Race and class have historically been a major factor in housing policy and urban development. The urban renewal and destruction of African-American communities in the fifties and sixties left à the poor very few options and public housing was one of them. The period of the greatest public housing development coincides with massive urban redevelopment and gentrification. In 1969, a lawsuit, Gautreaux versus CHA, resulted in a ruling designed to halt such racial exclusion. Public housing would have to be built throughout the city and not in areas that were predominantly African-American.
Once again, the city of Chicago is experiencing massive reinvestment and redevelopment which is bringing upper and middle class housing right up to the doorstep of several major public housing developments. The residents of public housing find themselves caught up in the whirlwind of these changes. The fact that they are predominantly African-American has meant that the old system of racial exclusion has given way to a new one. In the old system, African-Americans were kept out of some areas and concentrated in others. Public housing was the vehicle. The new system is more insidious. Very poor African Americans are removed from their homes in gentrifying areas and given a housing voucher to find housing that for the most part does not exist. In our present ideological climate where it is believed that success or failure can only be achieved through individual effort the unsuccessful are easily demonized, dismissed or evicted. Therefore, it is ironic that in the case of Cabrin i-Green, the Gautreaux decision is being cynically used to block a redevelopment plan in which the development’s tenants had a real voice. Instead, Gautreaux is being used to promote a new form of racial exclusion posing as a benign "mixed income" development policy.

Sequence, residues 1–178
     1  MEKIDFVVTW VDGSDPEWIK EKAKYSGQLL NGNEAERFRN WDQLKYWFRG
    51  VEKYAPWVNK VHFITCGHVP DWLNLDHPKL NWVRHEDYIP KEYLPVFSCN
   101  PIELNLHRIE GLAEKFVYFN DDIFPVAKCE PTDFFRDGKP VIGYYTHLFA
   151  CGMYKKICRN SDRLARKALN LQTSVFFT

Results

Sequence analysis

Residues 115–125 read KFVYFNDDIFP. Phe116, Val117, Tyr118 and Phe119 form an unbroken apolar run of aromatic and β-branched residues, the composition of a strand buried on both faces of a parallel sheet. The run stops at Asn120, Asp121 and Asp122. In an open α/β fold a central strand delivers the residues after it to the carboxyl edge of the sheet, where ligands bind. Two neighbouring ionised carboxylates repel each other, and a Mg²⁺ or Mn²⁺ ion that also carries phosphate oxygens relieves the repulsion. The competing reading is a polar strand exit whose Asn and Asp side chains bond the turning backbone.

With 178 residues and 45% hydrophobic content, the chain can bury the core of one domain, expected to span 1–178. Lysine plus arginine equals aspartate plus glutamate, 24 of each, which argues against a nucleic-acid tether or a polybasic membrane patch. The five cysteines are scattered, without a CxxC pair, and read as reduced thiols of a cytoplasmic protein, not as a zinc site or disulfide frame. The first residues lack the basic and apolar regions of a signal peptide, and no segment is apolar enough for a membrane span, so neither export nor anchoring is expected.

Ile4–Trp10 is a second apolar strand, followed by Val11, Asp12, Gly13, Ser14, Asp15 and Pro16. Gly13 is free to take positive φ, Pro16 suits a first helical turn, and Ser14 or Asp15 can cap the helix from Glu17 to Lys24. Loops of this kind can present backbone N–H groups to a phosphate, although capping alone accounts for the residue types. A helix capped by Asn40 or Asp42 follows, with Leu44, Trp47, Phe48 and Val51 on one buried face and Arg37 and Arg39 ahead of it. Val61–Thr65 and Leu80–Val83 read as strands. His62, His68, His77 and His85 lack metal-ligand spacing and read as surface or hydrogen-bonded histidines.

The present ideology of privatization, deregulation and the notion that success comes solely through individual competitiveness has generated the peculiar "panacea" of the mixed income development. The notion that concentrations of poor people are not sustainable and destructive to community development has been used to generate the new federal public housing law and consequently the CHA Plan. In fact, the notion of "tipping point", the product of older forms of racial exclusion, is being used with a slightly different twist. The redevelopment plans for public housing developments like Cabrini Green or ABLA, for example, are based on a notion of mixed income determined by the perceived comfort level of the future white or higher income buyers and tenants. For public housing residents who are trying to secure their housing rights, mixed income is good if it means they can stay. But to developers, the mix of income is only okay as long as the number of poor households does not exceed some perceived "tipping point", a notion reminiscent of the rationale for racial exclusion at the height of overt racial discriminatory practices in the forties and fifties. Of course, the redevelopment of prime areas like Cabrini and ABLA, will be very profitable to the developers and will work to the advantage of the politicians who serve their interests. The point is that the notion of mixed income provides a convenient political screen for other agendas. The real issue is where are poor people going to live?
The future of the city and housing policy should be in all of our hands. Unless we want to continue to see the homeless population grow, public housing residents left out of the decision-making process, and housing costs take more and more of our incomes, we need to recommit to a federal housing policy that makes having a decent, safe and affordable home in a place of our choice, a reality for all of us, rich and poor.
David Ranney is a Professor in the Urban Planning and Public Policy Program at the University of Illinois-Chicago. Pat Wright is the Associate Director of the Voorhees Neighborhood Center at UIC.